Scholarship Mathematics, Volume 2: Geometry

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Then comes the 'setting-out', which gives the figure and denotes particular geometrical objects by letters.

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Next comes the 'definition' or 'specification', which restates the enunciation in terms of the particular figure. Then the 'construction' or 'machinery' follows. Here, the original figure is extended to forward the proof. Then, the 'proof' itself follows. Finally, the 'conclusion' connects the proof to the enunciation by stating the specific conclusions drawn in the proof, in the general terms of the enunciation. No indication is given of the method of reasoning that led to the result, although the Data does provide instruction about how to approach the types of problems encountered in the first four books of the Elements.

However, Euclid's original proof of this proposition, is general, valid, and does not depend on the figure used as an example to illustrate one given configuration. Euclid's list of axioms in the Elements was not exhaustive, but represented the principles that were the most important.

His proofs often invoke axiomatic notions which were not originally presented in his list of axioms.

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Later editors have interpolated Euclid's implicit axiomatic assumptions in the list of formal axioms. For example, in the first construction of Book 1, Euclid used a premise that was neither postulated nor proved: that two circles with centers at the distance of their radius will intersect in two points. If superposition is to be considered a valid method of geometric proof, all of geometry would be full of such proofs. For example, propositions I.

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Mathematician and historian W. Rouse Ball put the criticisms in perspective, remarking that "the fact that for two thousand years [the Elements ] was the usual text-book on the subject raises a strong presumption that it is not unsuitable for that purpose. It was not uncommon in ancient time to attribute to celebrated authors works that were not written by them. The book continues Euclid's comparison of regular solids inscribed in spheres, with the chief result being that the ratio of the surfaces of the dodecahedron and icosahedron inscribed in the same sphere is the same as the ratio of their volumes, the ratio being.

This book covers topics such as counting the number of edges and solid angles in the regular solids, and finding the measure of dihedral angles of faces that meet at an edge. From Wikipedia, the free encyclopedia. Mathematical treatise by Euclid. Perhaps no book other than the Bible can boast so many editions, and certainly no mathematical work has had an influence comparable with that of Euclid's Elements ".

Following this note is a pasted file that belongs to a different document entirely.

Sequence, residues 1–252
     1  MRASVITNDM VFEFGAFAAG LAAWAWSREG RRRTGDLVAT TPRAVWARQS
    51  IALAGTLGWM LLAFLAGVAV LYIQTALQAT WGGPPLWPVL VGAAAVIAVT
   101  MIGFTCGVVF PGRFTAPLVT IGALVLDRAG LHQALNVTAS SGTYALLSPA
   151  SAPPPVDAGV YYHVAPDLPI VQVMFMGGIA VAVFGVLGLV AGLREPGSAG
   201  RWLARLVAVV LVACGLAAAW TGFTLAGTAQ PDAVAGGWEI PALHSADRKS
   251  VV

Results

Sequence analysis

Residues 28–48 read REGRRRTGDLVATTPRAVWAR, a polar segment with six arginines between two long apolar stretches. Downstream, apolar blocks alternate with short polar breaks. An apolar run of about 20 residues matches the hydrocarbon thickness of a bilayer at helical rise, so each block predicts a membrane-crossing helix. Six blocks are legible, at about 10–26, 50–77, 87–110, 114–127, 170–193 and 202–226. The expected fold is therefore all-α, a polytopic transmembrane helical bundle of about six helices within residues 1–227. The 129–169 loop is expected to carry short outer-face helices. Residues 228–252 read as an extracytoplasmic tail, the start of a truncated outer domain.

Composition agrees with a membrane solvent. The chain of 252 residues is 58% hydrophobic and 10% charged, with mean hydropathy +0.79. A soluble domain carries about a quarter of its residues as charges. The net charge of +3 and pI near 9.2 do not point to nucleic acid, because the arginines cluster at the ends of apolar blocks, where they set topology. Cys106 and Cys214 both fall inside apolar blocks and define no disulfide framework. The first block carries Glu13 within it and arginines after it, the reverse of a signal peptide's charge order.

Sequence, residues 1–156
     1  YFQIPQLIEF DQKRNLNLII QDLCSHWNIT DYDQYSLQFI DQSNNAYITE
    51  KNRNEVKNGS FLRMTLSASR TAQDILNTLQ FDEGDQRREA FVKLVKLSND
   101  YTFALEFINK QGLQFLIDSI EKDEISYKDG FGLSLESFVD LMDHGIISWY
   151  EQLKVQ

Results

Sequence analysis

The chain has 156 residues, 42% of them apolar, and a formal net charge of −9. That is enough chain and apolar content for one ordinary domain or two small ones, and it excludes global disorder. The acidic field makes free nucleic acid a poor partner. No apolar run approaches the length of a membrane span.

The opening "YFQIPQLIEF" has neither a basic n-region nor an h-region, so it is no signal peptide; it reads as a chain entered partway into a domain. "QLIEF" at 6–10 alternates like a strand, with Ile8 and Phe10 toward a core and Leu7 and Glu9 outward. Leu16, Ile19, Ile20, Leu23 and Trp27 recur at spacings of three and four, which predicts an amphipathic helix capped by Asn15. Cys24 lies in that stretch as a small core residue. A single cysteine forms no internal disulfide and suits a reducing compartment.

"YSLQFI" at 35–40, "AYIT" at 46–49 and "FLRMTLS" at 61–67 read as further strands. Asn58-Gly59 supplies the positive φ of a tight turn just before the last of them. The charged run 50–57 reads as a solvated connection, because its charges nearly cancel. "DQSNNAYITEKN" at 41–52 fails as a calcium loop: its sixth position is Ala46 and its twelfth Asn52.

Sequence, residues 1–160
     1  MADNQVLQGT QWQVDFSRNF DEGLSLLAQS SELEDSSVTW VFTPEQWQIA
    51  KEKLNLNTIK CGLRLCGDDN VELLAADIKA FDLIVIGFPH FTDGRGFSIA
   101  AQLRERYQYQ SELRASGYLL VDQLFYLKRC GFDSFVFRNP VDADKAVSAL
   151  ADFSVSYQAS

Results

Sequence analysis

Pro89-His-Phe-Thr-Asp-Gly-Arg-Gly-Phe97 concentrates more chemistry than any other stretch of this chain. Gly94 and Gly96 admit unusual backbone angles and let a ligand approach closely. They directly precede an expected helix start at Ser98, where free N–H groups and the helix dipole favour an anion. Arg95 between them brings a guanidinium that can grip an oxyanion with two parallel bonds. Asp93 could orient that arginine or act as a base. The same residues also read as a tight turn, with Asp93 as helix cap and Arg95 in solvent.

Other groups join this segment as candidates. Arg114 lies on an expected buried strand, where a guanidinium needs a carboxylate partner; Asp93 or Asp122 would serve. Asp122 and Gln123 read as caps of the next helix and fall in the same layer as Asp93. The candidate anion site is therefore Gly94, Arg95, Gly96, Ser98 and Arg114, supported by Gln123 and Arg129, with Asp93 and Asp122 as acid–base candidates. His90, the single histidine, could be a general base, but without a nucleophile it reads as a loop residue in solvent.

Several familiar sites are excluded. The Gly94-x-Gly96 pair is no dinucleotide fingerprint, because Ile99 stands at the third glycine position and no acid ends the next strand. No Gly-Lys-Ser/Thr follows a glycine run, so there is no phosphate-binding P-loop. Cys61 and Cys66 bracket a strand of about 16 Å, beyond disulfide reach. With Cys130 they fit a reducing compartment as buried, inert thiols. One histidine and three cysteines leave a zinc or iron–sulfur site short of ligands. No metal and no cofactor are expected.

There, the Elements became the foundation of mathematical education. More than editions of the Elements are known. In all probability, it is, next to the Bible , the most widely spread book in the civilization of the Western world. It is thought that this book may have been composed by Hypsicles on the basis of a treatise now lost by Apollonius comparing the dodecahedron and icosahedron. This book also deals with the regular solids, counting the number of edges and solid angles in the solids, and finding the measures of the dihedral angles of faces meeting at an edge.

Reynolds and Nigel G. Wilson, Scribes and Scholars 2nd. Mathematics

Oxford, p. Archived from the original PDF on Archived from the original on 10 June Retrieved 29 April Archived from the original on 22 June Alexanderson, Gerald L. A Short Account of the History of Mathematics 4th ed. Dover Publications. Boyer, Carl B. A History of Mathematics Second ed. The Historical Roots of Elementary Mathematics.

Busard, H. Campanus of Novara and Euclid's Elements. Stuttgart: Franz Steiner Verlag. Callahan, Daniel; Casey, John Euclid's "Elements" Redux. Dodgson, Charles L. Euclid and His Modern Rivals. Cambridge University Press. Hartshorne, Robin Geometry: Euclid and Beyond 2nd ed.

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New York, NY : Springer. Heath, Thomas L. The Thirteen Books of Euclid's Elements 2nd ed. Original publication: Cambridge University Press, ] ed. New York: Dover Publications. Heath's authoritative translation plus extensive historical research and detailed commentary throughout the text.

A Manual of Greek Mathematics. Ketcham, Henry The Life of Abraham Lincoln. New York: Perkins Book Company. Nasir al-Din al-Tusi Russell, Bertrand History of Western Philosophy: Collectors Edition. Sarma, K. Selin, Helaine ed. Encyclopaedia of the history of science, technology, and medicine in non-western cultures.

Toussaint, Godfried They examine the nature of everyday life during the fourteenth and fifteenth centuries — the finances and administration of the colleges, their architecture, and the individuals who lived and worked in them. This is the definitive study of the medieval University of Oxford and a major contribution to scholarship. Keywords: Oxford University , theology , mathematics , philosophy , law , medicine , late Middle Ages , colleges , administration , architecture.

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Scholarship Mathematics (Volume 2: Geometry)

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Evans Abstract The History of the University of Oxford will be an authoritative and comprehensive history of one of Britain's most important and influential institutions. More The History of the University of Oxford will be an authoritative and comprehensive history of one of Britain's most important and influential institutions. Authors Affiliations are at time of print publication.